The Debate on Corporate Sponsorship of Our National Sporting Teams

In this opinion piece, Good Mood Dudes founder Dr. Nicholas Chartres provides his view on this article: Australian cricket captain Pat Cummins slammed for hypocritical ‘ethical objections’ of major sponsor Alinta Energy

Over the last two weeks, corporate sponsorship of our national sporting teams has been strongly debated across Australia, from the front pages of our leading newspapers and even the WhatsApp chat I have with former cricket teammates.

Australian men’s cricket captain, Pat Cummins has stated he has ethical issues about team sponsor Alinta Energy. Its parent company has been listed as one of Australia’s highest carbon emitters, and despite its well-publicized claims it is investing in renewable energy sources, is rated very low on The Green Electricity Guide which considers the timeframe companies propose to stop using coal, whether a company frequently causes local environmental harm, and is transparent in their marketing.

Those opposed to the views expressed by Pat Cummins have pointed to the fact that he has already received money from Alinta Energy to appear in ads, that he flies first class, and drives an SUV with high carbon emissions. All valid points that are hard to disagree with.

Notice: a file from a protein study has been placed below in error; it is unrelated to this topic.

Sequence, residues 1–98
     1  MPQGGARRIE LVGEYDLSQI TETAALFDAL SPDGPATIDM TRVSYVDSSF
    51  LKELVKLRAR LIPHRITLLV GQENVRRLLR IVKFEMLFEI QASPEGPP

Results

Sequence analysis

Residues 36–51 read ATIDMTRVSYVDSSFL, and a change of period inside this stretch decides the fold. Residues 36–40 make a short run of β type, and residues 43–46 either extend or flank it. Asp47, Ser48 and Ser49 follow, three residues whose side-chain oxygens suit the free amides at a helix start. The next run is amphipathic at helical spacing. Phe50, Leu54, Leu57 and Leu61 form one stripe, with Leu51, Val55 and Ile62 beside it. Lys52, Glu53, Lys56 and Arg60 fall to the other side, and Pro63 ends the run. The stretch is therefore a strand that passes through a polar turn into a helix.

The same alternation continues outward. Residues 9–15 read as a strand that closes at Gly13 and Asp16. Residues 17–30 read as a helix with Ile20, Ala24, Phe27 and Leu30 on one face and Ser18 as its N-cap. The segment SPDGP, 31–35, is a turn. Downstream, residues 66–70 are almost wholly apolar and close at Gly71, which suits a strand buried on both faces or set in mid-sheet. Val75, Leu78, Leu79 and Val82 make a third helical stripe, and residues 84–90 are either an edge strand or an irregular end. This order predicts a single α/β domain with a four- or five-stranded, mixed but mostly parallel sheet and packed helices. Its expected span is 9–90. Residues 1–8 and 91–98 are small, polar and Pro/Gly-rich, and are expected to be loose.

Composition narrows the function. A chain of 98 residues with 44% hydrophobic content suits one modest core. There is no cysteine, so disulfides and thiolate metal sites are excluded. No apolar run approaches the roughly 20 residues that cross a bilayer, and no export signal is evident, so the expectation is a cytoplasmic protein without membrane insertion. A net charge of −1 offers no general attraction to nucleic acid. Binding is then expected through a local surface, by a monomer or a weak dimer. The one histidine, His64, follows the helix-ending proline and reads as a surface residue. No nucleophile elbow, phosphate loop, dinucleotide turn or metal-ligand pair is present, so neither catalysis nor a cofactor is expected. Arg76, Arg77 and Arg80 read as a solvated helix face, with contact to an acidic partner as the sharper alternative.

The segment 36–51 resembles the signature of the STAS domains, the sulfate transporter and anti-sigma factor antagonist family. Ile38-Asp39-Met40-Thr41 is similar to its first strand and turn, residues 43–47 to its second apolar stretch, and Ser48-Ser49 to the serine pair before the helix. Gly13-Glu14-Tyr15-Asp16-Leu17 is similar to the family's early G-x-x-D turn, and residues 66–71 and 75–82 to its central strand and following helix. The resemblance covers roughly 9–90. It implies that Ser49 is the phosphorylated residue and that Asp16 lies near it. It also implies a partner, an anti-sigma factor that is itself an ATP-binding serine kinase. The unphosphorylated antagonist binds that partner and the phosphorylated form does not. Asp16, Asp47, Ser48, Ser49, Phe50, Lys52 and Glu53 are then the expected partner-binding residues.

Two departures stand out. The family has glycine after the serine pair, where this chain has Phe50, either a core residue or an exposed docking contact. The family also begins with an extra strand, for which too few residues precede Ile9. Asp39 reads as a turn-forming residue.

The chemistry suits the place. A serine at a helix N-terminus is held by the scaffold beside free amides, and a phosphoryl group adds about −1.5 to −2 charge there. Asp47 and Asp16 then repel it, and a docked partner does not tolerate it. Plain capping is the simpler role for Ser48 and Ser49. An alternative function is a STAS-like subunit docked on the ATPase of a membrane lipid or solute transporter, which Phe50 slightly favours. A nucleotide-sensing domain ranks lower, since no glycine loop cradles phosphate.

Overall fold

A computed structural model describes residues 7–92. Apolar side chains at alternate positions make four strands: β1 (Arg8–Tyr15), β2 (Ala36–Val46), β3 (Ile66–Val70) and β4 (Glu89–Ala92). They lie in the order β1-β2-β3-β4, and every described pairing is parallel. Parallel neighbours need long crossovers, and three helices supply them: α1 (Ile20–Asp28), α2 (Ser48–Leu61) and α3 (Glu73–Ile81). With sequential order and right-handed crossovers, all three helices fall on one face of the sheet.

And while climate change is the single greatest threat to human and planetary health, the current rates of childhood obesity have immediate consequences for our childrens’ future. The promotion of KFC by the Australian cricket team and its captain is of equal concern.

However, I applaud him for raising the issue.

I personally believe that we could use a threshold that if a company produces, manufactures, distributes, or sells a product that leads to health disparities and social and environmental injustices, then the government should prevent sporting teams from having them as a sponsor. Sport/professional sports should solely be about health promotion, especially for our children, and these industries sell products that erode such benefits. 

It is still not widely understood, but non-communicable diseases (NCDs), or chronic diseases are the main causes of deaths globally. Environmental exposures, including tobacco, petrochemicals, pesticides, ultra-processed food, alcohol, and pharmaceutical drugs like opioids, along with climate change-related events, including extreme weather and wildfires, are the main drivers of these chronic diseases harming human health.

The responses I have received to this idea when raised on my WhatsApp chat ranged from “well then, there will be no one to fund the teams, and the players won’t get paid, so good luck” to “you drink beers, fly on planes, eat Maccas and use Panadol, so..”. 

My response to these comments is grounded in the same logic as why we as a society eventually condemned tobacco advertising in sport – because we know the tobacco industry used sports and sportsmen as a vehicle to hide and distract from the harm of their products.

It remains to be seen, but I think there are still a lot of companies that will be able to fill the void left by these industries sponsoring our sporting teams. It happened when tobacco sponsorship was banned so there is good reason to think the same will happen again.